Analysis

Based on third-party social media posts, it appears Biggs originally posted the photograph to one of his Instagram accounts, @anticom3, during a visit to Trump’s Washington, D.C. hotel on Nov. 7, 2019. That account has since been deleted, so we were unable to find a copy of the original picture. However, a Nov. 7, 2019, Twitter post included the photograph of Graham and Biggs, meaning it appears to have been taken earlier that day at the Trump International Hotel in Washington, D.C.

This means that Graham posed with Biggs for the photograph more than a year before the attack on the U.S. Capitol, contrary to the impression created by Burke’s tweet, which ambiguously stated that the two men had met “before Biggs helped organize an assault on the U.S. Capitol” — a formula of words which likely suggested to many viewers that their meeting had taken place shortly before the Capitol attack. It did not.

The second questionable component of Burke’s tweet was the claim that Graham and Biggs had dined together. The photograph does not demonstrate that. The “dinner” claim likely comes from the fact that, as part of the same series of photographs apparently posted to Instagram on Nov. 7, 2019, Biggs included a picture of his dinner plate, with the location “Trump International Hotel, Washington D.C.” Biggs therefore ate dinner at the hotel, and met Graham there. That doesn’t mean the two men ate together.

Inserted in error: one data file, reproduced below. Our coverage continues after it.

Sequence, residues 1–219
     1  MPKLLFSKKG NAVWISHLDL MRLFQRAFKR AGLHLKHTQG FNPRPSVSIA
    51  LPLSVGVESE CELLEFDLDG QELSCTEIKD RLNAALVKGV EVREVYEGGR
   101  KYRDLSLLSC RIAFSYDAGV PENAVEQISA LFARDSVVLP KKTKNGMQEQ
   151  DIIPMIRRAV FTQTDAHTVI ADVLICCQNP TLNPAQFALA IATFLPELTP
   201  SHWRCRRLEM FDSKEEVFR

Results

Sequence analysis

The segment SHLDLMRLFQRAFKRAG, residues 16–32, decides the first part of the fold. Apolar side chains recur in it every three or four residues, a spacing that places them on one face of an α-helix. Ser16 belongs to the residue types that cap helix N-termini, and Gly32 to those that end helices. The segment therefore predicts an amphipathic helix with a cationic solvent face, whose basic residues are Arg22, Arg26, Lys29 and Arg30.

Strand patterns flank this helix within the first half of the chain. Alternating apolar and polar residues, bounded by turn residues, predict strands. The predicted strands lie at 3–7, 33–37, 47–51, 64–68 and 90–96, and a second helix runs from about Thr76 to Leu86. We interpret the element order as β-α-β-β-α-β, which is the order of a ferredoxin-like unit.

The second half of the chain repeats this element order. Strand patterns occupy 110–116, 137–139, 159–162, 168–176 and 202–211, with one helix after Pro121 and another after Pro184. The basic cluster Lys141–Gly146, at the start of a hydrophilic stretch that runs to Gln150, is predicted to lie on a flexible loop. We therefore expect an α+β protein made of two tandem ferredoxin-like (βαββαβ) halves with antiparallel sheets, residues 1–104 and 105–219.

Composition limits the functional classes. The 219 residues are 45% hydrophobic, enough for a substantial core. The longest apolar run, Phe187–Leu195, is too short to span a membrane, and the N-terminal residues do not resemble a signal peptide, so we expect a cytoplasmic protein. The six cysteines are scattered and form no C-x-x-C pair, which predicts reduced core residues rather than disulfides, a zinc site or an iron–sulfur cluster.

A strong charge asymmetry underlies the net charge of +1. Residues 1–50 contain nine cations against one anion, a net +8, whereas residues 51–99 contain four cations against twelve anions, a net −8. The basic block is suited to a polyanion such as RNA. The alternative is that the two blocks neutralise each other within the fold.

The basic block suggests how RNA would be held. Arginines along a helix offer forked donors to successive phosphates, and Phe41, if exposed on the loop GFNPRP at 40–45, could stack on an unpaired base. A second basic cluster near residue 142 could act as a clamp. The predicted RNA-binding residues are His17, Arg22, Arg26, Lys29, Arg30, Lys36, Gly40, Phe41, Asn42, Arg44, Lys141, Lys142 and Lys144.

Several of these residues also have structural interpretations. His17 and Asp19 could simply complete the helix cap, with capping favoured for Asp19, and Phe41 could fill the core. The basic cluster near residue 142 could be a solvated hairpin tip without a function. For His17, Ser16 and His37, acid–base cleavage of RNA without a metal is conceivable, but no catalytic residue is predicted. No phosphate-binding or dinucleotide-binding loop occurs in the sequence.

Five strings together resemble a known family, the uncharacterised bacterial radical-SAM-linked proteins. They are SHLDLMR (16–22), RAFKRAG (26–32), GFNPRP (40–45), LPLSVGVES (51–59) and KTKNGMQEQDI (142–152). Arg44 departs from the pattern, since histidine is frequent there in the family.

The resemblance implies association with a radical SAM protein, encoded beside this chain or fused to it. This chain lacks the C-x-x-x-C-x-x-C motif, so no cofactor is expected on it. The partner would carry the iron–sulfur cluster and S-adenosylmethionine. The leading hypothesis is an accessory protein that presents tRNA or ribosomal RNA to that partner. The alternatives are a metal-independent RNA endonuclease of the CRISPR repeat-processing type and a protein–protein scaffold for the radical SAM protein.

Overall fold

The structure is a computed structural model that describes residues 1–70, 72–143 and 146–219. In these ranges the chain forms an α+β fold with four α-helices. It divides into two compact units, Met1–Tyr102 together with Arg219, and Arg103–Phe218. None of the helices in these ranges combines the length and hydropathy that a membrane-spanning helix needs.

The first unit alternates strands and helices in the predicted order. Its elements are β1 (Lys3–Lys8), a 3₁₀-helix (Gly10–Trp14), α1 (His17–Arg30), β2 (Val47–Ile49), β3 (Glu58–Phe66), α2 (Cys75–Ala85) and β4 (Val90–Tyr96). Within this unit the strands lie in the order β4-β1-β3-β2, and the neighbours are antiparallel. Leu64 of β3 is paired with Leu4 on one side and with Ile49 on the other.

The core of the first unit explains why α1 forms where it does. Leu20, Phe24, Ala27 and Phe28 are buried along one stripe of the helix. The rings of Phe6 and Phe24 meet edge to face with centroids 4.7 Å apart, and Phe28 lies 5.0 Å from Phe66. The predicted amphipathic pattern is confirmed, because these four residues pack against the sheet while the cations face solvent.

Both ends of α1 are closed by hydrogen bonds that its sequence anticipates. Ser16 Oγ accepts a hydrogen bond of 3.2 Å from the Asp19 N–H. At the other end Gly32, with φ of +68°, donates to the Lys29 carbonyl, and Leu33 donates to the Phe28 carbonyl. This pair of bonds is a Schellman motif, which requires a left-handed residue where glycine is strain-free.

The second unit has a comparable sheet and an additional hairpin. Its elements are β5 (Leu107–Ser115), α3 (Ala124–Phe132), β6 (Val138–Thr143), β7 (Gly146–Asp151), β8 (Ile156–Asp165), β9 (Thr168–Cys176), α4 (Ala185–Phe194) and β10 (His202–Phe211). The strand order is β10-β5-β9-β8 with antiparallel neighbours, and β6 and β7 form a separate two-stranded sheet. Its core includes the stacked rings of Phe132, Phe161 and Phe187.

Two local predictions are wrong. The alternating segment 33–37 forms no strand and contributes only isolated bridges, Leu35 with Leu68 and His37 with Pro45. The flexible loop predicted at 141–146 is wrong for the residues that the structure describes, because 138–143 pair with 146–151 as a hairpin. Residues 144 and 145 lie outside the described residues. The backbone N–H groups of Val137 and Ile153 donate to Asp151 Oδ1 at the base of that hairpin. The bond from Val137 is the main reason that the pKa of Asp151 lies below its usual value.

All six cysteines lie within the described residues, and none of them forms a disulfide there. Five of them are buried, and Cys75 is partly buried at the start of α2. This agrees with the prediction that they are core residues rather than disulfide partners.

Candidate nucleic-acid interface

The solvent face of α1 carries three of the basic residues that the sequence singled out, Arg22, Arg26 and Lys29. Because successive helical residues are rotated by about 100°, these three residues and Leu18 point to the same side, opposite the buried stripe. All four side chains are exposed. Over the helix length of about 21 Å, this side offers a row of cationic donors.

Graham’s spokesperson also poured cold water on the “dinner” claim, telling Snopes in an emailed statement: “This is one of the tens of thousands of selfies Senator Graham has taken with individuals.” The spokesperson added, emphatically, that Graham “does not know this individual and has spoken out against the Proud Boys.”

Graham has indeed publicly criticized the Proud Boys in the past. In September and October 2020, the group briefly became the subject of intensive political focus, after they were mentioned during the first presidential debate between Trump and then-Democratic candidate Joe Biden on Sep. 29. 

Biden and moderator Chris Wallace repeatedly asked Trump to condemn and disavow white supremacists and right-wing militias, which Trump failed to do during the debate. Pressed by Biden to specifically condemn the Proud Boys, the president stated ambiguously “The Proud Boys? Stand back and stand by, but I’ll tell you what, I’ll tell you what, somebody’s got to do something about Antifa and the Left…”

In response, Republican Sen. Tim Scott of South Carolina, who is Black, said “White supremacy should be denounced at every turn” and urged Trump to “correct” the record, adding “If he doesn’t correct it, I guess he didn’t misspeak.” Graham publicly endorsed Scott’s position, explicitly and publicly criticizing the Proud Boys as “a racist organization antithetical to American ideals.” Ultimately, Trump walked back his own words in a subsequent statement, saying, “I condemn the Proud Boys. I don’t know much about the Proud Boys, almost nothing. But I condemn that.”